But it starts with how you think and talk – about yourself and about the second half of your life.
Mahatma Gandhi clarified the connection of beliefs to destiny in the following poignant way: ‘Your beliefs become your thoughts. Your thoughts become your words. Your words become your actions. Your actions become your habits. Your habits become your values. Your values become your destiny.’
I have often seen and heard how thoughts create the mindset or worldview of life. Many people nearing or in retirement talk about being old, they feel old, and with this, they share the sentiment of spiralling downwards, losing significance and purpose. I have seen how the burden of ageing, not working and feeling less-than in this phase of life results in language that speaks of money as the enemy. The constant fear of not having enough, of running out, of never earning again and not adding value becomes debilitating, and in the end, you have nothing left to give – or receive.
I spend a lot of time with clients showing them that it’s ok to spend the money they’ve invested their whole lives; that they do have enough to last them. And that they can still earn and add value.
It is time to reframe your midlife words and intentionally use a language that inspires you to design a life that you choose. One that excites you and pulls you towards it.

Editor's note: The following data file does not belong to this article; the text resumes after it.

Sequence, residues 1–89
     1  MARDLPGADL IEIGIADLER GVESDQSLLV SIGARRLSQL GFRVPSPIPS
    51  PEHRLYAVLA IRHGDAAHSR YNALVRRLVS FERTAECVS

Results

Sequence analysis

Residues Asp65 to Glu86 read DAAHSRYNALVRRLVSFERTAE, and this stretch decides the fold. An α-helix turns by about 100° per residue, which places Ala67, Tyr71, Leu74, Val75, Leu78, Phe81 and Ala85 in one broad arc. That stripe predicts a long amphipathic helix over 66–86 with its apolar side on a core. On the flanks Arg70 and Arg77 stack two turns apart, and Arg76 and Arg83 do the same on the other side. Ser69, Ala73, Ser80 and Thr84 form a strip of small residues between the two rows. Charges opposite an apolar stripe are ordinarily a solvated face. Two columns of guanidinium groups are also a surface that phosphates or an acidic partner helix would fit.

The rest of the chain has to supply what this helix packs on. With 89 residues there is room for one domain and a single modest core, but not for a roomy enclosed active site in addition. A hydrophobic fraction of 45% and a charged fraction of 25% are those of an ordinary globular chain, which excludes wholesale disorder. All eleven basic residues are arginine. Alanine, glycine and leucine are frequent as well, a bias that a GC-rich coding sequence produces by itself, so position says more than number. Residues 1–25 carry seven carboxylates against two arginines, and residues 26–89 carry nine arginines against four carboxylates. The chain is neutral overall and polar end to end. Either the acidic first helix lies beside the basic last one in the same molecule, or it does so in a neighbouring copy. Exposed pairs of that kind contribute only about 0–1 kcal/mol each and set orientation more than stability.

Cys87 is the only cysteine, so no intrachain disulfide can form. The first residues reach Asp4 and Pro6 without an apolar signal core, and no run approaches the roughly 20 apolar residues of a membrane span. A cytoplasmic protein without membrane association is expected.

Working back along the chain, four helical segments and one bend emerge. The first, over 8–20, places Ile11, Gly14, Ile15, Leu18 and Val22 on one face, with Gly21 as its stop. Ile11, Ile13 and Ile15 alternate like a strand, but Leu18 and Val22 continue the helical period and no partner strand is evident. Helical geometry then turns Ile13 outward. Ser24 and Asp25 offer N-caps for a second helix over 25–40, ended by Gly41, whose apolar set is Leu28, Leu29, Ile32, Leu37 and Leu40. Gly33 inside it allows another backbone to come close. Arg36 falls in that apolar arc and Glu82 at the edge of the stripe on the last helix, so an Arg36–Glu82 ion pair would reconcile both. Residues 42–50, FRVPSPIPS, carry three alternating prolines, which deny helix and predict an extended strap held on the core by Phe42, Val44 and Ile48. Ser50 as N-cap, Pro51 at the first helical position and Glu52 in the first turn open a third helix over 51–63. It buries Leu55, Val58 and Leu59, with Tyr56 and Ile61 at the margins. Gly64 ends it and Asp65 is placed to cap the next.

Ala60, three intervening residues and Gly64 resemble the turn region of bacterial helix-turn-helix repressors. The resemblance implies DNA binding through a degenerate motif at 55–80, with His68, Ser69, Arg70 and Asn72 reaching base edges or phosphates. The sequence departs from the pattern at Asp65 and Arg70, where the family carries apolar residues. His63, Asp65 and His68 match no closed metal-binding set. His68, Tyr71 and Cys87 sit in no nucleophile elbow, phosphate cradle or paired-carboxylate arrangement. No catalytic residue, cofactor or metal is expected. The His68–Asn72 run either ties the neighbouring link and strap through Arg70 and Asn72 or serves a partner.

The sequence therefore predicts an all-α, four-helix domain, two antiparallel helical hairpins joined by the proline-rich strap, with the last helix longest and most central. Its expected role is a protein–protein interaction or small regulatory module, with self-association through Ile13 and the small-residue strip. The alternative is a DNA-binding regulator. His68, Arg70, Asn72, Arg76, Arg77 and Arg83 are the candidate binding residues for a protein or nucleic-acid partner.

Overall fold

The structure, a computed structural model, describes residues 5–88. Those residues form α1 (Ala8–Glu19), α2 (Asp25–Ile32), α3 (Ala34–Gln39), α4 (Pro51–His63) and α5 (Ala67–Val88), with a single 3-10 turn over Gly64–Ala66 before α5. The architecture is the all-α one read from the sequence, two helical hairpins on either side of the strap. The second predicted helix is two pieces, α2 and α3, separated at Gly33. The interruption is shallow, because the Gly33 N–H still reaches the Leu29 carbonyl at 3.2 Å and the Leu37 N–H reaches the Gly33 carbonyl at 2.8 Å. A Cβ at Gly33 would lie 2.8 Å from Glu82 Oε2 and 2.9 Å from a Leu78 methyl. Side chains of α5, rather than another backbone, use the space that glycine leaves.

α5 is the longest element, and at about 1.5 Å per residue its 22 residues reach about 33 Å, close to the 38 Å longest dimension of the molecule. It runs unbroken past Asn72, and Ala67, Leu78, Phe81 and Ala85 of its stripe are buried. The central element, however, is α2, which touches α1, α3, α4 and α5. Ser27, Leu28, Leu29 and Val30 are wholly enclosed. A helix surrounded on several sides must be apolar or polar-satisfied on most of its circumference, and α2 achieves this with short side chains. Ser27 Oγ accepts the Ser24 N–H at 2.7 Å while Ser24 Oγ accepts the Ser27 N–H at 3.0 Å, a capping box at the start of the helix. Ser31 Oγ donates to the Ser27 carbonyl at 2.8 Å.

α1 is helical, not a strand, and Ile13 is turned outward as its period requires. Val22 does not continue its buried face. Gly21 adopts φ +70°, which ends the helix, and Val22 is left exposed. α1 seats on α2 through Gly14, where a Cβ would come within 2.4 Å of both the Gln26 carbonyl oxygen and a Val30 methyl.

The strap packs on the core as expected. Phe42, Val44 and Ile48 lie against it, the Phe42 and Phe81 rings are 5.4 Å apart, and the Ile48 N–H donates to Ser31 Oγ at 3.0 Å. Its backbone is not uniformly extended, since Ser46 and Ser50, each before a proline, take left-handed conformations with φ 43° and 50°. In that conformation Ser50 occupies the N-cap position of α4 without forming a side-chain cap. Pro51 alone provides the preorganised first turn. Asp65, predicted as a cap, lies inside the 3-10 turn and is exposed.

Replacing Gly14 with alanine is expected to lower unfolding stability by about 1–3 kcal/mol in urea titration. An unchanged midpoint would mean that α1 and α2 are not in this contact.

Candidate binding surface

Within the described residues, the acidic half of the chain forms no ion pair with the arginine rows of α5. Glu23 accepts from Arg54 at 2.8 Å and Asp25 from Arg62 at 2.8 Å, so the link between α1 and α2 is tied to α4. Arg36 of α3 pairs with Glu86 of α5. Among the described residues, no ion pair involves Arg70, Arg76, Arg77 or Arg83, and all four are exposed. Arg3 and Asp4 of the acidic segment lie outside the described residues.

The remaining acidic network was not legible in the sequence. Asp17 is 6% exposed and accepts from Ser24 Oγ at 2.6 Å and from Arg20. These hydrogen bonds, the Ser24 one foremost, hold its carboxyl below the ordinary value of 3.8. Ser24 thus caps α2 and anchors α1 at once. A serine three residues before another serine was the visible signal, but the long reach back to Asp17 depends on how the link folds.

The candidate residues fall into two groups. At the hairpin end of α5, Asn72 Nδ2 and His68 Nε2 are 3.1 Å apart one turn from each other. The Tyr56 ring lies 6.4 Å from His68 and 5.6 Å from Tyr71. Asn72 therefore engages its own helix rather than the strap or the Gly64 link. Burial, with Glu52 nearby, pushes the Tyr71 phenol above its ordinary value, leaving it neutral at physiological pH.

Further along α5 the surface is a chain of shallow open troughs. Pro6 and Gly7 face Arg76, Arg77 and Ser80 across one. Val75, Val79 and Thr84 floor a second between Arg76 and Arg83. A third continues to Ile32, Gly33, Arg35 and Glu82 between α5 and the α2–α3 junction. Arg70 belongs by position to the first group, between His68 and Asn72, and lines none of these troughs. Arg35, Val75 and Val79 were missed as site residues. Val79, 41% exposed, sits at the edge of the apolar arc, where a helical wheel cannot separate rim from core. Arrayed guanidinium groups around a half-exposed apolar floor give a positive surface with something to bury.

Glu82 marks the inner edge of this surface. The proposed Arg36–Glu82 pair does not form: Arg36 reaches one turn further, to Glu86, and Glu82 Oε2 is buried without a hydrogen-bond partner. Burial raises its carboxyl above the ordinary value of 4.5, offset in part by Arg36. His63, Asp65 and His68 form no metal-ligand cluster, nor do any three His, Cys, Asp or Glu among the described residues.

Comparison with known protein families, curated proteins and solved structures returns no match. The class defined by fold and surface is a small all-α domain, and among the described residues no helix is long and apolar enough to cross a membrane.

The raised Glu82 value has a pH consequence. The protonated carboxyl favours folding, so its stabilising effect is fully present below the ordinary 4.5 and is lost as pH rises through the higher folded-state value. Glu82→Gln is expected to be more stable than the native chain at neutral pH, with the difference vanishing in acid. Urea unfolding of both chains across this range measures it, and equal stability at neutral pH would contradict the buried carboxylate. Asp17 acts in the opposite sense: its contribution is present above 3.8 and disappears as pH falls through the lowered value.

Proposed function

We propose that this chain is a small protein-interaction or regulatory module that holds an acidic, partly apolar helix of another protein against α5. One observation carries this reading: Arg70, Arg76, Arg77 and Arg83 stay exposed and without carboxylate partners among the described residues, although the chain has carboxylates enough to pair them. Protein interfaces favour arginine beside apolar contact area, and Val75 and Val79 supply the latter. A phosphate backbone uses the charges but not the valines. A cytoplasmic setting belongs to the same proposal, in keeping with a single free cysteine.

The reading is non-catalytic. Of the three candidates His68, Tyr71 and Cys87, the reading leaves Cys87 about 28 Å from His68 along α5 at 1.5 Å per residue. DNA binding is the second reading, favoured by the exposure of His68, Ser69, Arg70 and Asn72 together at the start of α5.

You are not old. Chip Conley reminds us that we are elders – the keepers of knowledge and the holders of wisdom. In traditional cultures, elders are seen as a vital part of the community. There is an awareness that life experience – mixed with knowledge – becomes wisdom. The word ‘elder’ holds all of that.
Midlife is not all downhill from here. Imagine living the next fifty years on your terms, in your own time. The word ‘retirement’ is old-fashioned. It’s stale and old. The new path is to continue to learn, serve and earn – you can keep working and earning, and add value for as long as you want.
Don’t tell yourself you can only rely on one source of income. In this phase of life, it is possible to turn a passion into work, a hobby into a business and a dream into potential. Or let your money work for you: a diversified portfolio allows you to gather income from different sources.
Retirement is not an ‘all or nothing’ scenario. Many people in the second chapter start to bring in other income streams and look at other ideas of work, like part-time work, charity work, mentoring or consulting. Midlife transitions often require a half-in, half-out approach as you transition from where you are to where you want to be.
Retirement is not the end. What if you could see this as a new beginning? A phase where you get to choose how you want to live your life. This mindset opens up a world of possibilities. Discovering new ways to add value, finding renewed purpose and perhaps most rewarding of all: living a life of courage and authenticity where you get to choose how and where to spend your time. I challenge my clients by asking: What are you retiring TO?
So, when you visualise your coming years after the midpoint, think of all the wonderful possibilities that are in your power to make happen. Support your vision with your words – and your actions.
Always remember, when it comes to your money, be inspired, be brave and be on purpose,